Angus M. Thuermer Jr., WyoFile
A judge won’t allow a real estate agent’s opinion to be used in determining damages in a civil trespass case that seeks some $7.75 million from hunters who passed through a ranch’s airspace.
U.S. District Court Judge Scott Skavdahl on Friday disallowed part of the opinion of James Reinhart, who said the value of the $31-million Elk Mountain Ranch could be diminished by “at least 30%” if corner crossing were legal. Skavdahl signed an order stating the agent’s opinion “is not relevant to the issues of damages in this case.”
Reinhart is an expert witness for ranch owner Fred Eshelman, who sued four Missouri hunters for corner crossing — stepping from one piece of public land to another. Eshelman claims the four trespassed in 2021 by passing through ranch airspace at the common corners of two pieces each of public and private property arranged in a checkerboard pattern.
The men never set foot on Elk Mountain Ranch in Carbon County, instead using a ladder to climb over fence posts blocking the corner. A six-person jury found them not guilty of criminal trespass in 2022 but Eshelman’s civil case continues to advance in federal court.
“If this or any other court declares corner crossing to be a legal method by which … the public can access public property, then Defendants will have done nothing wrong…”U.S. DISTRICT COURT JUDGE SCOTT SKAVDAHL
In reaching his conclusion to exclude the agent’s opinion regarding damages, Skavdahl unraveled the logic behind Reinhart’s claim. The agent states that a 30% loss in value would result “[I]f a court were to declare that [the ranch] must allow corner crossing,” according to court papers.
But if Skavdahl or any other court were to find that corner crossing is legal, “then defendants will have done nothing wrong,” the judge wrote.
And if the Missouri hunters are found to have done nothing wrong, “plaintiff will have no legal basis on which to hold them liable” for corner crossing, the judge wrote.
Some testimony allowed
A decision in the case could have implications for public access to 8.3 million acres of public land across the West, according to one estimate. In Wyoming alone, there are 2.4 million acres that are “corner locked” according to calculations made by the online mapping company onX.
The judge’s order responded to a request by the hunters’ lawyers to exclude Reinhart’s testimony, a request Eshelman’s attorneys opposed.
While Skavdahl ordered the real estate agent’s opinion on the amount of damages to be irrelevant, he said Reinhart could testify on other matters, including about boundaries and fencing, elements that could be important in the case.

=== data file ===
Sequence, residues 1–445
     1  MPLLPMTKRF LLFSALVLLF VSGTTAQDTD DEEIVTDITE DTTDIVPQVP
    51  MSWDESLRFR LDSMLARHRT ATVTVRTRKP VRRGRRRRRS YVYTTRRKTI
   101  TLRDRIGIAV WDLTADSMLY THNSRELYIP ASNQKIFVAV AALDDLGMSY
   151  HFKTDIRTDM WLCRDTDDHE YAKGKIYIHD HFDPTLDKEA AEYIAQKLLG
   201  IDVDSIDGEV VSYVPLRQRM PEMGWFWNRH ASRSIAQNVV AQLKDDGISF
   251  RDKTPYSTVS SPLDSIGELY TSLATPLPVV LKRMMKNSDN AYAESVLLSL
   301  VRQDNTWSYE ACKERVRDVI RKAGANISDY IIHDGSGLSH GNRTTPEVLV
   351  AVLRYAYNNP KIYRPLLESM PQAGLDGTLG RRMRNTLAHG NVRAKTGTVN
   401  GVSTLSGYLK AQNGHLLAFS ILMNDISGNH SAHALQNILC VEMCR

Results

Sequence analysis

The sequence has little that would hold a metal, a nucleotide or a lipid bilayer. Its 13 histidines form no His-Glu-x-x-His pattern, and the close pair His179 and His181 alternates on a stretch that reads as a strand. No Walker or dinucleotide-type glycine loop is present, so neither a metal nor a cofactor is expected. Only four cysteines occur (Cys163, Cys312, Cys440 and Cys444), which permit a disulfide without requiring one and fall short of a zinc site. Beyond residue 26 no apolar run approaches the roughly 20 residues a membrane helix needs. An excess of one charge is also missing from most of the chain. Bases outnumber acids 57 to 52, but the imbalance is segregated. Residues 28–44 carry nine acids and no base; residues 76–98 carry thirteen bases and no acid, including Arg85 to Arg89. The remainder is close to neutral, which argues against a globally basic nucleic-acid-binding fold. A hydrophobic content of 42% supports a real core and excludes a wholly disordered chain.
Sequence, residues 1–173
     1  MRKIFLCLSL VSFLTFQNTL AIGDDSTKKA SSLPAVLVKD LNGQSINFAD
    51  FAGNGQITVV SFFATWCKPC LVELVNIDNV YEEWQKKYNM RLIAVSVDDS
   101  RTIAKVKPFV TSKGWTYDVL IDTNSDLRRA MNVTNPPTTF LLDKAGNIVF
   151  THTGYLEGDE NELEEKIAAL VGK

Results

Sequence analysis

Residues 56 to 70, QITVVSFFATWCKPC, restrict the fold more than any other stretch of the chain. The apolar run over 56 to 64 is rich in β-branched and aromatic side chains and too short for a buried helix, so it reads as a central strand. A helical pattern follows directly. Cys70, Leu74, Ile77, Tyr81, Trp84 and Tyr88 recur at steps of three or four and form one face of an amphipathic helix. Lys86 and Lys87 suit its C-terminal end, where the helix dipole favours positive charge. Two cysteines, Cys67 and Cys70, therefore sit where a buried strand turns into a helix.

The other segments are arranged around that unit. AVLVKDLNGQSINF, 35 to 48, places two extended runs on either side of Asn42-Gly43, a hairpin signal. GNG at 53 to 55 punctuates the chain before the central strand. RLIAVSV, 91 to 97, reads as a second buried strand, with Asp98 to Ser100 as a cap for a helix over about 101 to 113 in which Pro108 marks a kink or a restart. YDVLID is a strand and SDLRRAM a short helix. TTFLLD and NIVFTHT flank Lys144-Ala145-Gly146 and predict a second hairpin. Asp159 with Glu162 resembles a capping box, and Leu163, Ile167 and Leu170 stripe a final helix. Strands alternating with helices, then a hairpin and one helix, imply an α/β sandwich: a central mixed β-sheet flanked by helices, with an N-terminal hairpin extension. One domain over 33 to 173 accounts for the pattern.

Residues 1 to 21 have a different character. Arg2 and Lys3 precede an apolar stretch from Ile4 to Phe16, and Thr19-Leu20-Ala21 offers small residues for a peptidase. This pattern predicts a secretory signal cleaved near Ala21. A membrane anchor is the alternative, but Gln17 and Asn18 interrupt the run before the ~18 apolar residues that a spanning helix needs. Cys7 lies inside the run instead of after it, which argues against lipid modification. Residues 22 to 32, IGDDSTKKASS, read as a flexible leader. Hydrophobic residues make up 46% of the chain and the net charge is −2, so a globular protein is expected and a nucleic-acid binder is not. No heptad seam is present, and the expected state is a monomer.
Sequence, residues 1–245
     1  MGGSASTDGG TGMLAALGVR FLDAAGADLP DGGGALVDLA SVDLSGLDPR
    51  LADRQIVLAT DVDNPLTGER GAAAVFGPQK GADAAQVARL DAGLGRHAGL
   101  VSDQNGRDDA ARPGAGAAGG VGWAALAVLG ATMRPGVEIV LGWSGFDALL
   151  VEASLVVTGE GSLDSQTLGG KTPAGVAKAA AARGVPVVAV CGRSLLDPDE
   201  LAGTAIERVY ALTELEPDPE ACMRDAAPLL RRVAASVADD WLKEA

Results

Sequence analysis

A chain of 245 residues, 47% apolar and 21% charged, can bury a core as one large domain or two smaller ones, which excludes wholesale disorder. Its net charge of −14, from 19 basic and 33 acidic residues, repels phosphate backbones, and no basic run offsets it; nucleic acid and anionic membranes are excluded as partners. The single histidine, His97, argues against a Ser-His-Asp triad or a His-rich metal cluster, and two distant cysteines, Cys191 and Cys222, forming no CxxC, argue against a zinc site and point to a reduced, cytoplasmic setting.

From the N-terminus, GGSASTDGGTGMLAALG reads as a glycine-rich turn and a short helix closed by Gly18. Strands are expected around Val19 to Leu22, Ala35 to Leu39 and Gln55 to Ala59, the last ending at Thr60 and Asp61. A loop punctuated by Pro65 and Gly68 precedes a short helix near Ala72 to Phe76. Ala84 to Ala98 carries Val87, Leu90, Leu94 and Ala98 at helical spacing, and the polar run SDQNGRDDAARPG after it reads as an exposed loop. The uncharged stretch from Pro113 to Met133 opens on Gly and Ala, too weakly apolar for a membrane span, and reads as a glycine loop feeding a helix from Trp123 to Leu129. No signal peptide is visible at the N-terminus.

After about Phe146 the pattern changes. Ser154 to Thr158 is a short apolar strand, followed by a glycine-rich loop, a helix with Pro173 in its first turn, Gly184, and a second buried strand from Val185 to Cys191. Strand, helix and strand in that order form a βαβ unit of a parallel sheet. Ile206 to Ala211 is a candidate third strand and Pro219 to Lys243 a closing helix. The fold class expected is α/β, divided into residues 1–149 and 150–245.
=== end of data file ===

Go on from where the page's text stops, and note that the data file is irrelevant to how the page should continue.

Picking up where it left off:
The role of fences on the ranch property could be a significant issue because the hunters have asserted that a federal law allows them access to the public property. Their attorneys have repeatedly referenced the federal Unlawful Inclosures Act of 1885 that generally guards against fencing the public out of public property.
Skavdahl has already determined that the placement, purpose and extent of Elk Mountain Ranch fences “could be a significant factor” in determining the applicability of the UIA.
The real estate agent’s testimony “may be relevant to the limited issue of helping a factfinder understand the physical placement, purpose, and extent of plaintiffs fencing and other property boundary control,” Skavdahl wrote.
Eshelman sued Bradly Cape, Zachary Smith, Phillip Yeomans and John Slowensky after they corner crossed to hunt on U.S. Bureau of Land Management property and other public land interspersed with 22,042 acres of the Elk Mountain Ranch. He is asking the court to declare that the men trespassed and to have a jury decide only how much they owe him in damages.
Attorneys for the ranch and Eshelman’s Iron Bar Holdings LLC listed Reinhart as an expert witness who would testify to the loss of 30% in ranch value were it listed for sale and if corner crossing was determined to be legal.
The ranch was appraised in 2017 at $31.1 million making a 30% loss in value equal to $9.39 million. Reinhart’s assertion would boost the alleged devaluation from $7.75 million Eshelman had previously asserted.
Further court proceedings in the case are expected later this year.
This article was originally published by WyoFile and is republished here with permission. WyoFile is an independent nonprofit news organization focused on Wyoming people, places and policy.